Colton, CA Train Wreck, Mar 1907

Colton CALIF Train wreck marker 3-28-1907.jpg

Particularly Pathetic Death.

The death of George Sharpe of Muncie, Ind., whose life was instantly crushed out, was particularly pathetic. Sharpe was on his way to this city to meet his wife, from whom he had become estranged three years ago. He had formerly resided here, but when he had become estranged he returned to Indiana. Recently he notified his friends here that he was coming to Los Angeles to see his wife and seek a reconciliation with her. Sharpe did not know that she had secured a divorce from him more than a year ago and had remarried, and was speeding westward happy in the thought of again meeting his wife. Friends of the couple had yesterday gone to the depot to meet Sharpe when he arrived and break the news to him. They reached there only to learn of the wreck and of Sharpe's death.

Morning Olympian, Olympia, WA 30 Mar 1907



Colton, March 30.---The coroner's inquest, held for the purpose of placing the responsibility for the wreck of the Sunset Express near this city, recently, will be completed to-night. Six witnesses have been examined, among them members of the switching crew that has been blamed for the disaster.

The testimony deemed of most importance is that relating to the experience of the men who composed the crew. It was admitted that one had been employed by the company only two days; that the service of a second had been but of two week's duration, and that the third had been employed in the yards three weeks. One, the fireman of the switch engine had never read the rules of the yard.


L. E. Alvord, foreman of the crew, testified that he had been notified at 5 o'clock that the overland was eight hours late and that he had received no subsequent notification of its whereabouts. The other members of the crew had received the information concerning the overland through Alvord. Further than this, each man testified that up to the moment of its appearance they believed that the overland had already passed the switch.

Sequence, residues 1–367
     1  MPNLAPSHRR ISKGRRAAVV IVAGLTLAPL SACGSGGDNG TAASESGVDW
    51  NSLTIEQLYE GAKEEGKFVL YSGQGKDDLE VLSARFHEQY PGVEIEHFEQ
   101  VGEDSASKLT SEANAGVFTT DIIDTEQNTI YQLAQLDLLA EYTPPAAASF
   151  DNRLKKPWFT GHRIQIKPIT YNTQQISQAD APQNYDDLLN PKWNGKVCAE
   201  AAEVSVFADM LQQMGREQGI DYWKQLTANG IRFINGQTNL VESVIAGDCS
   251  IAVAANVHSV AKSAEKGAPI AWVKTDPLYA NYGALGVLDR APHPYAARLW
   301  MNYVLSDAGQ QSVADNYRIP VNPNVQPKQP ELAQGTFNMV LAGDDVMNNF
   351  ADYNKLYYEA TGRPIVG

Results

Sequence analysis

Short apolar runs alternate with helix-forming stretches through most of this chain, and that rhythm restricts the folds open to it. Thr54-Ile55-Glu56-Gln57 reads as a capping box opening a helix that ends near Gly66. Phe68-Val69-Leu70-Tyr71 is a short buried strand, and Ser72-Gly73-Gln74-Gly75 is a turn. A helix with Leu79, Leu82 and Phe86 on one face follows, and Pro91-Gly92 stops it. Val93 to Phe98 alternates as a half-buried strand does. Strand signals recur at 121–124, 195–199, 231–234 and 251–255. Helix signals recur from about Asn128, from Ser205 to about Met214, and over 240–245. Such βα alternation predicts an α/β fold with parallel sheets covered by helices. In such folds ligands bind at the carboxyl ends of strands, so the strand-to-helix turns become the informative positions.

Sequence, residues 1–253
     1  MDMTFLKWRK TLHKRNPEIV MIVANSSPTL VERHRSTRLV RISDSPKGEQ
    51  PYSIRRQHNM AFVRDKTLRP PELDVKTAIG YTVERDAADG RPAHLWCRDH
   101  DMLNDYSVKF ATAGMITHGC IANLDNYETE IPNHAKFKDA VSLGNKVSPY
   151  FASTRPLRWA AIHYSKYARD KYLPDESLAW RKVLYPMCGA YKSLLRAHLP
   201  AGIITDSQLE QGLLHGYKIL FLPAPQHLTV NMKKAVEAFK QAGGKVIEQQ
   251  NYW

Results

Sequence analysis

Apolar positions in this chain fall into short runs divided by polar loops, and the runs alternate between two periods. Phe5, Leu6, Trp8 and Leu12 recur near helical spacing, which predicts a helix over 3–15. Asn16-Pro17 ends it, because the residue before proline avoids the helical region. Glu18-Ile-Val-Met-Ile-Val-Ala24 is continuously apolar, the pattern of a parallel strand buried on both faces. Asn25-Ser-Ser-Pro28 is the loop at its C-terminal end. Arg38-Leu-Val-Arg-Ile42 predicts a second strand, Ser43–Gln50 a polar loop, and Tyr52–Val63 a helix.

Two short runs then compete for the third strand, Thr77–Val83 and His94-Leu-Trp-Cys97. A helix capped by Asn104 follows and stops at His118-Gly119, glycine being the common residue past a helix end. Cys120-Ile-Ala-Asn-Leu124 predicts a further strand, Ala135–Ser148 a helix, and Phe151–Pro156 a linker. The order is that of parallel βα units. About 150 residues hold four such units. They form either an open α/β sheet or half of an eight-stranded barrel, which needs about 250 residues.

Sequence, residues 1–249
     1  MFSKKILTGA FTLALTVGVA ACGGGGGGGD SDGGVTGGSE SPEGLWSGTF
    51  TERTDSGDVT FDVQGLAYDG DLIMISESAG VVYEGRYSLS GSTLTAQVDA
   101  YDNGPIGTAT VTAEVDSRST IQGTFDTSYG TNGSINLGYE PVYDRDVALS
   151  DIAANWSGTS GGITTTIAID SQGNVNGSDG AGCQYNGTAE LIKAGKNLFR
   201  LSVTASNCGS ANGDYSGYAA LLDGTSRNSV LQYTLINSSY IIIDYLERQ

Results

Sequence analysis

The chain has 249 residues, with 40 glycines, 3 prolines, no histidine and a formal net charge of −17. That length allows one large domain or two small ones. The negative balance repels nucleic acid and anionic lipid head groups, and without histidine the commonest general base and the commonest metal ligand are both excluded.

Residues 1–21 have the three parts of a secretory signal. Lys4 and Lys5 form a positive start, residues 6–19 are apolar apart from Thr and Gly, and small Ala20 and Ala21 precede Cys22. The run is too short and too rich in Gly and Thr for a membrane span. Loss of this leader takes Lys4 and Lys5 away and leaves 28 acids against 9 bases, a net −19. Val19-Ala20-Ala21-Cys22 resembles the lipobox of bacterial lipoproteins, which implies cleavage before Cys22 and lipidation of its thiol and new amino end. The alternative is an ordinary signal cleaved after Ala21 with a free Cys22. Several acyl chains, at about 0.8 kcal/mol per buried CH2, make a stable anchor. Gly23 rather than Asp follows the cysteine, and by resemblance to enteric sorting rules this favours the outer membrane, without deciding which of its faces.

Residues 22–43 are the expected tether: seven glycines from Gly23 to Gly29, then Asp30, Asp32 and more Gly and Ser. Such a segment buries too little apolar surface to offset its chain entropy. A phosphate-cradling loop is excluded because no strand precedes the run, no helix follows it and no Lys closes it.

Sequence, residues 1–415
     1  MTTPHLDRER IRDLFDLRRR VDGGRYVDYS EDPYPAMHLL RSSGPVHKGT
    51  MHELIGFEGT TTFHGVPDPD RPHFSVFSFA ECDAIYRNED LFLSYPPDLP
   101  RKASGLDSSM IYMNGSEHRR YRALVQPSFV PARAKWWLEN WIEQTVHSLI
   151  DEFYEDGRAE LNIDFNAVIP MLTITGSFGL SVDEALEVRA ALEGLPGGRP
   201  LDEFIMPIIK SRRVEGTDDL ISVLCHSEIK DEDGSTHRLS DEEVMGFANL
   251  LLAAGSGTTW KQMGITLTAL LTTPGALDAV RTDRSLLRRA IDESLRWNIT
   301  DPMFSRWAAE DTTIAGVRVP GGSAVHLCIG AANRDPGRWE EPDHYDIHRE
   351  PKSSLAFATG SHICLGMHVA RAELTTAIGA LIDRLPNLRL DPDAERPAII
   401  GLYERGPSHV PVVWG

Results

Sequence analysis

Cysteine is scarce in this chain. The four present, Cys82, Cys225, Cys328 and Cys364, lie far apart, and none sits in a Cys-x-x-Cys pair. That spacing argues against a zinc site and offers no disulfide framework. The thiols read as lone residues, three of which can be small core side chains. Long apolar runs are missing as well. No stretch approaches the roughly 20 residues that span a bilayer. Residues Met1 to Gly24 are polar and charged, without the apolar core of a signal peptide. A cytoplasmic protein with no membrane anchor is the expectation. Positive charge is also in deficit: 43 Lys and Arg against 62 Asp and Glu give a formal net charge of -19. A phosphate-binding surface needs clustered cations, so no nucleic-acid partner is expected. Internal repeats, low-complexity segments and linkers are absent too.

The corrected list of dead is twenty-two. Eighteen of these were Italians nearly all of whom were immigrants on their way to San Francisco. The others were:

ALBERT W. SHIE, mail clerk, Los Angeles;
GEORGE L. SHARPE, Muncie, Ind.;
H. I. WALTERS, Sacrameto, Cal.;
PATRICK EGAN, Southern Pacific section foreman, residence believed to be Colton.


EGAN, who died last night is not believed to have been aboard the wrecked overland. He was found unconscious near the scene of disaster and taken to Los Angeles. His death is believed to be due to an epileptic fit, induced by witnessing the accident.

Fully half a dozen of the injured are today reported in a condition so precarious that death is but a matter of hours. With but four exceptions all the injured have been moved to Los Angeles or have proceeded on their journeys.

The Evening News, San Jose, CA 30 Mar 1907



COLTON, Cal., April 2.---The verdict of the coroner's jury summoned to investigate the wreck at Colton last Thursday in which 22 people lost their loves and nearly 100 more were injured, was returned this evening. The foreman of the switching crew and his assistant are saddled with the responsibility for the wreck through criminal negligence. The engineer of the wrecked Overland train is declared guilty of negligence through running too fast; the Southern Pacific is censured for operating the frail cars in which many of the Italian Immigrants were killed.

The Idaho Daily Statesman, Boise, ID 3 Apr 1907